pumped across it. The mesh of the porous pharynx is supported by vertical ridges, called pharyngeal-bars, with rows
of cilia that generate the ciliary currents that draw the water in through the buccal siphon.
Sea Squirt anatomy
Cross section of sea squirt
A ciliated groove in the ventral surface of the pharynx, the endostyle, secretes the mucus-sheet which is passed
along by cilia to the dorsal surface where it collects in a gutter that transports the mucus, again by ciliary action, to the
stomach. This gutter is formed on the right-side of either a continuous ridge (the dorsal lamina) or a ridge comprised
of a series of tongue-like projections (languets). The ridge arches over to the right to form the gutter. In the gutter, the
mucus sheet is rolled into chords that are swept, by cilia, to the oesophagus.

The pharyngeal basket is made up of vertical rods, called
pharyngeal bars, with pharyngeal slits (stigmata) in
between. In most forms, the bars are connected at intervals by larger horizontal or transverse bars (not depicted in the
diagram above, but see the diagram below). The horizontal bars divide the pores into single horizontal rows. The
larger vertical bars divide the rows into groups of a few pores per group. The larger horizontal or vertical bars bear
cilia that project into the lumen of the pharynx and serve to propel the mucus-sheet. When present, the vertical bars,
in particular, are raised, so lifting the mucus sheet clear of the stigmata. Cilia on the smaller bars, either side of the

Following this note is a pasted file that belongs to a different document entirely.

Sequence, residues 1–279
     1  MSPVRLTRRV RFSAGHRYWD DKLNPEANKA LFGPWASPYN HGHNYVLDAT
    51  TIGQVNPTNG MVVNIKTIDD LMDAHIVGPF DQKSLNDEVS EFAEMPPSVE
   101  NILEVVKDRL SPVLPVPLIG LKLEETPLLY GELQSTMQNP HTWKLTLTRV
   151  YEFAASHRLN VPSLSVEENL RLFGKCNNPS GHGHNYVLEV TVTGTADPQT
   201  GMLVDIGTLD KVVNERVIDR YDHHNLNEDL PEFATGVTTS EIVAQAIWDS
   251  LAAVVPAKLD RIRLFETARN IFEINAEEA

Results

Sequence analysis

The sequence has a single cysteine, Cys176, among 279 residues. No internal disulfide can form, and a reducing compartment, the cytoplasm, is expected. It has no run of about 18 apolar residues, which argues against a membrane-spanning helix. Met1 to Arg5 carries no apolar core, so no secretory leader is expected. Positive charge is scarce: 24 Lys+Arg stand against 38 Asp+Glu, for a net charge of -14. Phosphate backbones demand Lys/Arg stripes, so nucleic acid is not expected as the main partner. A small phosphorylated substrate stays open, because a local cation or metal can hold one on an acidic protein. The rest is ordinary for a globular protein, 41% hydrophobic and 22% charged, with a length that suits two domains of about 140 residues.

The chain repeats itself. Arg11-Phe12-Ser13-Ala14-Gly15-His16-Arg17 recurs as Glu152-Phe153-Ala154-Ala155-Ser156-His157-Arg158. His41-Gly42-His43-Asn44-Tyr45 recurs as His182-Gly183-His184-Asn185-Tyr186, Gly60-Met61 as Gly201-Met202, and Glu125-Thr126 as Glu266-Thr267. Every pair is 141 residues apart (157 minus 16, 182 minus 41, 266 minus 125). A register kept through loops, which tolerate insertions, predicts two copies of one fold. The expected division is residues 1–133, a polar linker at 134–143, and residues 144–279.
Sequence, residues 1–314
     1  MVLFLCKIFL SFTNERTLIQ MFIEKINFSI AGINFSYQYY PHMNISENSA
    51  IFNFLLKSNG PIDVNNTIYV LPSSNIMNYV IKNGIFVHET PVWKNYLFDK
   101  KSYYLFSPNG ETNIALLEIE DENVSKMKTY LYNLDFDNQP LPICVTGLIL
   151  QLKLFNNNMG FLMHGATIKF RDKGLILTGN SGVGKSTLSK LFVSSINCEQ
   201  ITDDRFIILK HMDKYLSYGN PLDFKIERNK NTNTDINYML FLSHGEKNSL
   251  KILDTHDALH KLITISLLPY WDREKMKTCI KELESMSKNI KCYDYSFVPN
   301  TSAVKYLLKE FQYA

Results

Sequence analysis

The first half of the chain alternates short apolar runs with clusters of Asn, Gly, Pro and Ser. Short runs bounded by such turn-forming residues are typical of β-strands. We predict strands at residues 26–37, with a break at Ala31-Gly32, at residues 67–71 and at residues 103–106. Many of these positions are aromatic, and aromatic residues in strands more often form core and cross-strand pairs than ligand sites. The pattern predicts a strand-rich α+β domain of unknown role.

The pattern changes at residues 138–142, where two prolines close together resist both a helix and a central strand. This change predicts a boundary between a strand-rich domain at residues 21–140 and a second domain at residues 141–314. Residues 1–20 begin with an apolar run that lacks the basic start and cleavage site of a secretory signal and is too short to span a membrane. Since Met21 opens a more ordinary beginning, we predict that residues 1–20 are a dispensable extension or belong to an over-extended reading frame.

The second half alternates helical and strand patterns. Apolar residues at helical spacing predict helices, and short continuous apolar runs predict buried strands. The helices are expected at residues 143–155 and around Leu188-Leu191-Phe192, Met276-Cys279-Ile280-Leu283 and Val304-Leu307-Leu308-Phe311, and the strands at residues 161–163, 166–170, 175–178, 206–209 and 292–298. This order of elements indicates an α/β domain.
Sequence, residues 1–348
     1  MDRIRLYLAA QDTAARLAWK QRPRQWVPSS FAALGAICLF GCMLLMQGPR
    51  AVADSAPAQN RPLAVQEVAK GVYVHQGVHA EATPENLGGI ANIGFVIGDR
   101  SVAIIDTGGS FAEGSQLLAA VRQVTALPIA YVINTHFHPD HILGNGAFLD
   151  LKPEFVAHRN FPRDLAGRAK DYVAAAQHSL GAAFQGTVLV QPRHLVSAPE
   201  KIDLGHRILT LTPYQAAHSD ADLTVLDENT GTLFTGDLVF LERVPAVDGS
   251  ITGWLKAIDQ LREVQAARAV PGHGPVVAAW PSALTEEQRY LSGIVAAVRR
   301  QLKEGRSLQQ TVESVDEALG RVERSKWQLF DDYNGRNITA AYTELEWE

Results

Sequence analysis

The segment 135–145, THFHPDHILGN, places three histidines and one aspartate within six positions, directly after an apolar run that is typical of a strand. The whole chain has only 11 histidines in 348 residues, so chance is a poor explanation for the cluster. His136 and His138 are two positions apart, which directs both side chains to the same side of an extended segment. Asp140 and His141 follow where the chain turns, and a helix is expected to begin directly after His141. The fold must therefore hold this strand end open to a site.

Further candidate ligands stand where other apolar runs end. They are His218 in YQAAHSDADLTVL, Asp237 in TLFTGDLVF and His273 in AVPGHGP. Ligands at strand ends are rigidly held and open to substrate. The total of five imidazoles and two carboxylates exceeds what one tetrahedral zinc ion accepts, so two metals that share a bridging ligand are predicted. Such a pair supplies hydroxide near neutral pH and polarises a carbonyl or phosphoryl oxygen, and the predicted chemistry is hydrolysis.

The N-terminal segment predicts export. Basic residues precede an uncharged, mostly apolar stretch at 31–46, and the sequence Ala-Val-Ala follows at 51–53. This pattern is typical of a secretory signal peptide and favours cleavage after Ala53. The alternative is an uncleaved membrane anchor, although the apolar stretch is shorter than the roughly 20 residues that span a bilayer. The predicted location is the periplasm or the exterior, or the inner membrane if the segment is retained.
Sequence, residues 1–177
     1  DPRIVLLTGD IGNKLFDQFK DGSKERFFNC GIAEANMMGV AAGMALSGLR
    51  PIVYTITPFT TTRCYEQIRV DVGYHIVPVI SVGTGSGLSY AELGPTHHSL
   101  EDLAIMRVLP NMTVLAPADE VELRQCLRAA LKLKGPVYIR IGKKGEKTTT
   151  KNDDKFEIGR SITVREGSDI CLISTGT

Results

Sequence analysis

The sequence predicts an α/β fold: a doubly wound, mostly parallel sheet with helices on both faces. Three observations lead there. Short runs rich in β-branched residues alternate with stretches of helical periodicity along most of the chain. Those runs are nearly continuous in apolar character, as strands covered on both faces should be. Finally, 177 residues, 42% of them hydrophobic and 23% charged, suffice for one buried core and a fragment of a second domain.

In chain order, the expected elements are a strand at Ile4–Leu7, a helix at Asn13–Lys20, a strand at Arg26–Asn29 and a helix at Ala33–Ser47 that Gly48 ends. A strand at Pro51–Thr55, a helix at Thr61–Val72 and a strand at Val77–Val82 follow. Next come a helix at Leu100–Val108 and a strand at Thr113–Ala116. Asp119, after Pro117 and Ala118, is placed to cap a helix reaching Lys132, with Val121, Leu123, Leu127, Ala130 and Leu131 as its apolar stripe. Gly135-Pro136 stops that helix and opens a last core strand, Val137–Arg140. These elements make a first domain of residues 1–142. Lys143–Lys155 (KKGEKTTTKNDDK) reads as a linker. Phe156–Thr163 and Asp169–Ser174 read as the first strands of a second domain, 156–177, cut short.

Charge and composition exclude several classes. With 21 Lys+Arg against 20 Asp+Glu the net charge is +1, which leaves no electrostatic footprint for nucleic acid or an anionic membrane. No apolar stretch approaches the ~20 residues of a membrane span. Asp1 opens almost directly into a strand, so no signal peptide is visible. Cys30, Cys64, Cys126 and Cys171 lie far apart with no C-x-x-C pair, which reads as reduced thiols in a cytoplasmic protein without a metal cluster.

slits/pores or stigmata, project across the slits. The cilia span half the width of the stigmata, so that the cilia on either
side completely occlude the slit. These lateral (on the sides of the bars) cilia beat and drive currents of water through
the stigmata, from the pharynx into the atrium (and hence out from the animal through the atrial siphon). As the water
passes through the pharyngeal basket, it crosses the very fine porous mesh of the mucus-sheet and any food
particles (from about 0.1 micrometre or larger) are trapped, sticking to the mucus, to be eventually swept to the
stomach, via the short oesophagus that connects the pharynx to the stomach.

Connecting the pharyngeal basket to the stomach is a short tube, the oesophagus, into which a digestive gland (not
visible in our diagram) may empty its contents. From the pharynx, the food (wrapped up in the mucus chords) is
transported, by cilia, into the oesophagus and hence to the stomach.  From the stomach the food passes into the
intestine, which characteristically loops back on itself (the
digestive loop) and emerging via the anus in part of the
atrium called the cloaca, and waste is carried out by the exhalent atrial siphon. Note that in the U-shaped part of the
gut, the descending limb is the oesophagus, the horizontal bend of the U is the stomach, and the ascending limb is the